On Sunday 03 November 2002 3:09 pm, Austin Ziegler wrote:
> On Mon, 4 Nov 2002 05:42:37 +0900, Enric Lafont wrote:
<snip>
> >
> > OK, if you have a:
> >   def += (anArgument)
> >       return (self + anArgument)
> >   end
> >
> > You will have exactly the same behaviour you have know, whitout
> > any trick
>
> The problem, of course, is that I can now do:
>
>   def +=(anArgument)
>     return (self - anArgument)
>   end
>
> This subverts the whole point of +=.

Of course it does.  But you can shoot yourself in the foot with every method 
you write.  This is not a problem unique to Smalltalk.  All user written code 
can have bugs.

<snip>
> ? Also, your definition of ++ with an argument makes no sense.

Only because you do not know Smalltalk and cannot even conceive of "++" being 
a message to an object.

>
> > And you have NOW for free a pre-increment and a post increment.
> > This tries to explain the POWER of the every call is a method
>
> Really, though, it doesn't explain it. It explains why you think
> that Ruby should have += as a separate method and that it should
> have ++/-- operators (even as methods), but it's not clear why you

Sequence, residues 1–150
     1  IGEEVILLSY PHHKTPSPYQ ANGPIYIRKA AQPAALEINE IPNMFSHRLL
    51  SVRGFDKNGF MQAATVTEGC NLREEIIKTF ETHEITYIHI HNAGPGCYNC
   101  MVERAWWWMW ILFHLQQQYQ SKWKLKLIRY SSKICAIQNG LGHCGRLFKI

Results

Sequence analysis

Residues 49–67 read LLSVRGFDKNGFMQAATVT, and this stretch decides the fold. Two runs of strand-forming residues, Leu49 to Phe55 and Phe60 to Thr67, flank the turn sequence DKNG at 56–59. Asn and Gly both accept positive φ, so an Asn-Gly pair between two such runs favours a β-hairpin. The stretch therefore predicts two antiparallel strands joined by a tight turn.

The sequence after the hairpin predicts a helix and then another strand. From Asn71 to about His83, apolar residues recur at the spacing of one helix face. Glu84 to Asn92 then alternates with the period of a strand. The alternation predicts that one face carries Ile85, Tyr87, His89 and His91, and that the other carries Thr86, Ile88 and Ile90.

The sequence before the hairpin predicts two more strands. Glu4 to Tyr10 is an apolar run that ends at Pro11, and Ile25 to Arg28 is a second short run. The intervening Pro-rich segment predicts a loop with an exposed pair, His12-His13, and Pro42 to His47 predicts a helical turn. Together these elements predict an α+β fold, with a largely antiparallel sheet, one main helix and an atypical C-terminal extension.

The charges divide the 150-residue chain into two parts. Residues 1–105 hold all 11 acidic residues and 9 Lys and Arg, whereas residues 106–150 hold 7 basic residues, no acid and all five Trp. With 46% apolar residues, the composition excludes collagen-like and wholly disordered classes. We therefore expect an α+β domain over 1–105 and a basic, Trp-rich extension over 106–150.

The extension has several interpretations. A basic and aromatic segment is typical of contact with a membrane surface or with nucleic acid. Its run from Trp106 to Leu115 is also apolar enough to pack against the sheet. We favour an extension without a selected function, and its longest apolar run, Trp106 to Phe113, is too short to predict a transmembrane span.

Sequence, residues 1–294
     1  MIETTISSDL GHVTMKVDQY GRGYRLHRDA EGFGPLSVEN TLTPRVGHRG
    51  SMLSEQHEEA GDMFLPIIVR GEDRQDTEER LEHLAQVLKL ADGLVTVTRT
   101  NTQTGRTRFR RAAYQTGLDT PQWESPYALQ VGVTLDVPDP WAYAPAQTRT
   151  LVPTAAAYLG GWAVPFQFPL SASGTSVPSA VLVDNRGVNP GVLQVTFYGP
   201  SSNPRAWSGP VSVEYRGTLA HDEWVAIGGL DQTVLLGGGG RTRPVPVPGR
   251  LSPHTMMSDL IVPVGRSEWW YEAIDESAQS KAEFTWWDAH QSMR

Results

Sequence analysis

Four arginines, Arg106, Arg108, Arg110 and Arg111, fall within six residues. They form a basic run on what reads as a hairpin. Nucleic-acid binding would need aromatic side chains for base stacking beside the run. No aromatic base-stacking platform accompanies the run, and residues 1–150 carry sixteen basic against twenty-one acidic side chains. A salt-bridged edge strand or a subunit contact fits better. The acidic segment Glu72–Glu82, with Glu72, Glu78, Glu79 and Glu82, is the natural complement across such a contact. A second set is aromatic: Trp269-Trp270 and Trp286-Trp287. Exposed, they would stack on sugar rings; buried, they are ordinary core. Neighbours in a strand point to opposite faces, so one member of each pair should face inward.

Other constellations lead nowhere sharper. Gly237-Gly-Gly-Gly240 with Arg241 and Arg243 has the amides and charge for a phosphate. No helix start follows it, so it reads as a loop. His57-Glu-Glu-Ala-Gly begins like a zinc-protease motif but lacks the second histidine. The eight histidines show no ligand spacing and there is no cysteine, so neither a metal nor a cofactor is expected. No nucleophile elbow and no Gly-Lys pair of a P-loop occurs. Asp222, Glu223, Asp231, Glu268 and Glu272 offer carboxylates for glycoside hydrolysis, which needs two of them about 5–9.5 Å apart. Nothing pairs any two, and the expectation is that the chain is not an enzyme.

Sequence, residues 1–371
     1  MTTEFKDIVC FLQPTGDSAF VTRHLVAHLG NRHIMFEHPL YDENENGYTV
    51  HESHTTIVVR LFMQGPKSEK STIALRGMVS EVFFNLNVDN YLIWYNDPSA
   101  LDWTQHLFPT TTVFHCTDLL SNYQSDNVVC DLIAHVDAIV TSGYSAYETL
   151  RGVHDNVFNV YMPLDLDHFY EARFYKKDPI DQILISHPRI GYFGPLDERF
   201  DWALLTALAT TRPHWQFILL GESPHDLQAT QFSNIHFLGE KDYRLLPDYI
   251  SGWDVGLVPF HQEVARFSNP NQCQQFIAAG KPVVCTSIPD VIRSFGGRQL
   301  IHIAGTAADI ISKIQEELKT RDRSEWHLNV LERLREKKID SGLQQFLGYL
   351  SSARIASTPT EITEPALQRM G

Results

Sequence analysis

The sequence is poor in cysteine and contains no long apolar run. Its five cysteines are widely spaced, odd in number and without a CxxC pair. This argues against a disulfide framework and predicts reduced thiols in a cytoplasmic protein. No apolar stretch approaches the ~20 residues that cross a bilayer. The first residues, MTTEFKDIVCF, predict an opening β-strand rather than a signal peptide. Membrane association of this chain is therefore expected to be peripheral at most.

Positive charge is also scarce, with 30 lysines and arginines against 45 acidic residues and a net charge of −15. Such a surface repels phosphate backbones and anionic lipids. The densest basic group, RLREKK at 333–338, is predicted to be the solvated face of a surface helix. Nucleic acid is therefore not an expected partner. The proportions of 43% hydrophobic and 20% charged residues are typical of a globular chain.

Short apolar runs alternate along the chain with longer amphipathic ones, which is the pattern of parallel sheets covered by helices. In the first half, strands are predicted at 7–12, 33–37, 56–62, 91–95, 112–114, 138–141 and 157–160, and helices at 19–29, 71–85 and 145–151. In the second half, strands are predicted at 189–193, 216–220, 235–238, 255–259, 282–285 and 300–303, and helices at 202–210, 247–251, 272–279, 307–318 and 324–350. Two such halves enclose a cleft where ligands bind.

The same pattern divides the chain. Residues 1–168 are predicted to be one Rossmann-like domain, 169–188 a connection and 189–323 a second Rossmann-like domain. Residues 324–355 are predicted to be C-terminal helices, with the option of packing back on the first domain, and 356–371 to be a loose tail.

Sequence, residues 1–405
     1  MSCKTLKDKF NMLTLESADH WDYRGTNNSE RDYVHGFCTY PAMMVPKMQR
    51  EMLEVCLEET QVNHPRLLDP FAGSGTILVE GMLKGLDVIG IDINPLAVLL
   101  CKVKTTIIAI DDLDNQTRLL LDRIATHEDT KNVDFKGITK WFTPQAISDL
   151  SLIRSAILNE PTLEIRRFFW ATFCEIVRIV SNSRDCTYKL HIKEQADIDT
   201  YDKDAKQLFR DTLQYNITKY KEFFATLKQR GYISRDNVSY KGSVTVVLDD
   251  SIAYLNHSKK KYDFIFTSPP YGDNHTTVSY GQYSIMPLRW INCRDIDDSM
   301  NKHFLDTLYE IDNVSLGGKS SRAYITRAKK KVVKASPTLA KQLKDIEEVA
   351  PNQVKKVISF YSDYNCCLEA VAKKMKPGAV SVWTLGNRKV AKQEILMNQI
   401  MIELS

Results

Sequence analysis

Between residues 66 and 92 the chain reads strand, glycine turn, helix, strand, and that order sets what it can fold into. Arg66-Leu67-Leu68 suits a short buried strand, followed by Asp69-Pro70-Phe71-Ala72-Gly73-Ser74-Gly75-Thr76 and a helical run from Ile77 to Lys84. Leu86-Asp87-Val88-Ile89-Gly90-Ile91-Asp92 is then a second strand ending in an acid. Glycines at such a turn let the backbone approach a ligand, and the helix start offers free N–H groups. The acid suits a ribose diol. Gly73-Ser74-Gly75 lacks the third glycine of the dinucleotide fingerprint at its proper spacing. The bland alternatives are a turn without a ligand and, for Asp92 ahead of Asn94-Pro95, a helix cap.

> think that this demonstrates "every call is a method."

He's thinking in Smalltalk.  You're thinking in Ruby.

<snip>
> I don't think that it's necessary to require declaration.
>

Of course it's not necessary.  He is simply expressing his opinion that for 
him it is desirable.
<snip>

Austin, I think that there has been a serious misunderstanding.  Ruby is not 
under attack.  And therefore it does not need your defense.  Enric is simply 
coming to Ruby from a different environment than the one you came from. (I am 
assuming Ruby was not your first language).  And he is therefore simply 
trying to make sense of his new surroundings.  

Nor am I attacking Ruby.  I like Ruby.  I suspect that if you were to expend 
the effort to actually learn Smalltalk you would be delighted at how much it 
shares with Ruby. (once you got over your irrational fear of new syntax :-)

-- 
"I invented the term Object-Oriented, and I can 
tell you I did not have C++ in mind."
                                            -Alan Kay